As heart breaking as this is, it got worse when William and Chelsie Whitfield found themselves to be the subject of a grand jury investigation.  The Whitfields were indicted for involuntary manslaughter. Mr. Whitfield’s attorney, Billy Underwood, stated Mr. Whitfield was not home when the accident happened and did not know anyone would be in his bedroom.  The District Attorney for Colbert County, Bryce Graham Jr., said the indictment is about “recklessness and irresponsibility” and not about the Second Amendment or gun ownership.  Mrs. Whitfield’s indictment appears to be based on her knowledge that there was a loaded gun in the bedroom but did not do anything about it.

Twenty-seven states and the District of Columbia have enacted “child access prevention” laws.  Alabama is not one of them.  Thus, it appears Colbert County is attempting to create case law in the absence of legislative action on the issue.  States with the CAP laws are reluctant to enforce them, especially on parents who may have just lost their child.  The question presented then is, is it reckless and irresponsible to place a loaded firearm in your private bedroom where others are not expected to be present? Should we prepare for any possible nosy neighbor or errant child to rummage through our belongings even in our most private space?

Yes, a loaded gun was in the most private place in a home, the master bedroom.  No, the child was not closely supervised.  Distractions happen.  Children have a remarkable ability of finding their way into gorilla cages, drawers, medicine cabinets, unattended pools or even eating button-sized batteries.

Guns mistaken as toys.  Pools left unsupervised.  Button batteries or medicine mistaken as candy.  Anything from the inherently innocuous to not can be dangerous to an unsupervised child.  However, we are not arresting and charging the grieving relatives with a crime when a child dies from eating an a forgotten car remote battery or from accidentally drowning in a pool.  Is leaving the battery on the coffee table “reckless and irresponsible”?  Are education and awareness better routes than indictment, arrest and prosecution?  Would a civil lawsuit make more sense than a criminal indictment?

Despite District Attorney Graham’s “assurance” this case is not about the Second Amendment, it is increasingly clear that gun ownership, use and or advocacy are indeed in the cross hairs.  Anti-gun advocates desire stricter controls up to the government removal of citizen-owned guns. One presidential candidate has even questioned if the Second Amendment is an actual “right”.  Whether you are pro or anti-gun, Republican or Democrat, the erosion or criminalization of our rights, whether it be one created by interpretation or by original ink, should concern us all.

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Collecting Your Judgment

Congratulations on winning a judgment against your Defendant! Even in the glow of your victory, take note that winning a judgment doesn’t automatically mean you get a check. Getting the judgment, no matter how much work you or your attorney put into getting it, can be the first step to getting paid, or what is referred to as a “satisfaction” of the judgment.

If your Defendant pays immediately, great! The judgment is then “satisfied”.money gavel

But what happens when the Defendant doesn’t pay the judgment?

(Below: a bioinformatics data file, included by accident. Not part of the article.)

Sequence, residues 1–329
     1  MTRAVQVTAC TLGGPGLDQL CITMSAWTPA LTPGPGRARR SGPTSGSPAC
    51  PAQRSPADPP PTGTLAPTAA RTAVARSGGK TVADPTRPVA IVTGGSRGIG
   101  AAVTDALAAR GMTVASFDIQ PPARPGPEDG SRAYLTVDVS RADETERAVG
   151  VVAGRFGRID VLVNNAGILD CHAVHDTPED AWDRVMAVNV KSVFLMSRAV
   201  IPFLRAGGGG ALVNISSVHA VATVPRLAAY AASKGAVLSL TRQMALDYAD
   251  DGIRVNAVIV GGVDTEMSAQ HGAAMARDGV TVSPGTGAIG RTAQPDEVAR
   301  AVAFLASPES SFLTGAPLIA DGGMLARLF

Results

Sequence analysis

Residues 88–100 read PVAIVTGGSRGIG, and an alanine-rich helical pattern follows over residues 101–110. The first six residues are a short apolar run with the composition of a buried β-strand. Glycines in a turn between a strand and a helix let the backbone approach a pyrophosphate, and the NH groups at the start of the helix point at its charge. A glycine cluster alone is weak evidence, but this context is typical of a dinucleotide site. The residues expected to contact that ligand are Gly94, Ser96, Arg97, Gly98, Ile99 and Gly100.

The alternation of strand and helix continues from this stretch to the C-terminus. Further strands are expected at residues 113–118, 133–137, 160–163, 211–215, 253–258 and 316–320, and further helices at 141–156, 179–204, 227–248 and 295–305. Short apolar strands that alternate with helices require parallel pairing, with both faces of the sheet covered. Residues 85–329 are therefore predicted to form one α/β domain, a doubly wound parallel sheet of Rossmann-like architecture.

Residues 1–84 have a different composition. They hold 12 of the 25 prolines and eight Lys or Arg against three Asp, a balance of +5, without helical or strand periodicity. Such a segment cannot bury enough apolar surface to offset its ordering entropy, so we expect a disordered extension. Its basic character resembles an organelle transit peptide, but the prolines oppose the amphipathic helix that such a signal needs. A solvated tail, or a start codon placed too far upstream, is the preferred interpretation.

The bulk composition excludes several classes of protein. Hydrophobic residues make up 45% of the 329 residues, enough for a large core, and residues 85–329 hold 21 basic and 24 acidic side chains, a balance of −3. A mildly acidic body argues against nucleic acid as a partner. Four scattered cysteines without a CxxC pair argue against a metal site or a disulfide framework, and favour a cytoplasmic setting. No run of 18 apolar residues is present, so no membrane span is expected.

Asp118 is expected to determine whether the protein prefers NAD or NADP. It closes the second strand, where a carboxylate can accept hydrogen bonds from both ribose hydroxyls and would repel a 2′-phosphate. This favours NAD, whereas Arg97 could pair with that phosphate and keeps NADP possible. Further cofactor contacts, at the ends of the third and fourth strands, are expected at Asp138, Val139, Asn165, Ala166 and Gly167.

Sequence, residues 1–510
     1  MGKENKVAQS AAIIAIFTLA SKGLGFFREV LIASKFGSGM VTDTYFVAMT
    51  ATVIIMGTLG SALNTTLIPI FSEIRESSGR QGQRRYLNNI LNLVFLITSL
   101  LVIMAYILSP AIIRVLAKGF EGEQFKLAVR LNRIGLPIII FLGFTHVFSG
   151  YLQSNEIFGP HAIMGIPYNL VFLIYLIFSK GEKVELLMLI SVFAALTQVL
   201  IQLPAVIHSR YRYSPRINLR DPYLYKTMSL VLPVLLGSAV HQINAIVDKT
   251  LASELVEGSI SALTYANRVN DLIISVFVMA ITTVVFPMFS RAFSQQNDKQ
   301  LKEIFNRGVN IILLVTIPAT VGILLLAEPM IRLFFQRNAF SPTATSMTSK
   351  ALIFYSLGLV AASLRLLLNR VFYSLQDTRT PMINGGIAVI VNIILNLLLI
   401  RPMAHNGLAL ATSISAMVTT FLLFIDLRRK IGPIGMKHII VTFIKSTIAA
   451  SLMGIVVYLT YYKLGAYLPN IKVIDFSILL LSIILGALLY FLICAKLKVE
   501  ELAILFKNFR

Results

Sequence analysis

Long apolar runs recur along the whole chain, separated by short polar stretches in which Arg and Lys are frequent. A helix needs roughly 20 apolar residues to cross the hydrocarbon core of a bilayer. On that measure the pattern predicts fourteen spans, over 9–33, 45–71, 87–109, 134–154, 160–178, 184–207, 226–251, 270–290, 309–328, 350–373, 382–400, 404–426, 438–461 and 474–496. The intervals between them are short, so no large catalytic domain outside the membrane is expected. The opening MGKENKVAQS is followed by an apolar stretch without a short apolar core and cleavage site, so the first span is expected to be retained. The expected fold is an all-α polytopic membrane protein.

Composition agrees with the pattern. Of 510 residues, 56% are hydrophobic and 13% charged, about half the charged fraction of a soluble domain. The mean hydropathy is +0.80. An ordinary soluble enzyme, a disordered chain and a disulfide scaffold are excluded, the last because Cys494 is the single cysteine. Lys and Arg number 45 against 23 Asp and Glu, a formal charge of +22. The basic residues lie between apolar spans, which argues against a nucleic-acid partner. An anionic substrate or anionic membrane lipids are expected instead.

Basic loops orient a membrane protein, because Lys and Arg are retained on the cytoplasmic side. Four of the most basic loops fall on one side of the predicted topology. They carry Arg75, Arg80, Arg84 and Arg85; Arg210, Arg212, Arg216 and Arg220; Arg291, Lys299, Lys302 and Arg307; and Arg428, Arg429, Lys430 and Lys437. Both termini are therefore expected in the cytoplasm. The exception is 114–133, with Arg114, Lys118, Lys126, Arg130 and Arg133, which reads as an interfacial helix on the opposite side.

Note, even though there is expense and time involved, you can pursue satisfaction through judgment collection. The Court may or may not grant you a judgment increase to cover your collection costs. Thus you must decide how far you are willing to go to collect your judgment. It is your decision to decide if the expense and time of pursuing your judgment is worth the effort to collect.  For many plaintiffs – it is!

An initial step towards satisfaction is garnishing the Judgment Debtor’s wages. In Tennessee, employers even those of 1099 independent contractors, are required to garnish the Debtor’s wages or be responsible for the payment of the debt. A percentage of the Debtor’s wages is collected until the judgment debt is paid in full. It takes a while, but eventually, you will be paid in full – so long as they remain employed with that employer.

What if your Judgment Debtor is self-employed? You can still collect on your judgment but it will likely take more time and expense. Your Tennessee judgment will last ten years and can be revived to last even longer – so you’ve got time if you have the patience.

First, you need to do some reconnaissance and maybe post-judgment hearings to determine what property your Judgment Debtor owns. Maybe he owns real property (land) and personal property like cars, A.T.V.s, motorcycles, a truck, heavy equipment, or other property.

Second, if the Judgment Debtor still refuses to pay, the County Sheriff can seize the personal property and sell it at auction to satisfy the judgment. If the proceeds are not enough to pay the judgment, a lien can be placed on the real property. That lien (the judgment) must be satisfied first or at the time of closing before the property can be sold. Ultimately, this means you finally get your money!

You may have a Judgment Debtor who is “judgment proof”. This means essentially they do not have an employer from whom you can seek garnishment and don’t have any real or personal property of value. If so, this may mean your judgment may be difficult to collect and will require a lot of patience.  Nothing but time and pressure make a diamond – and your wait can pay off – especially since Tennessee’s judgment interest rate keeps rising.  That means your judgment amount will keep growing.  And, your judgment is good for 10 years (you can renew the judgment before it expires).

So, while getting your judgment is the first step towards adding to your bank account and the process can take time, ultimately you can receive satisfaction in more ways than one!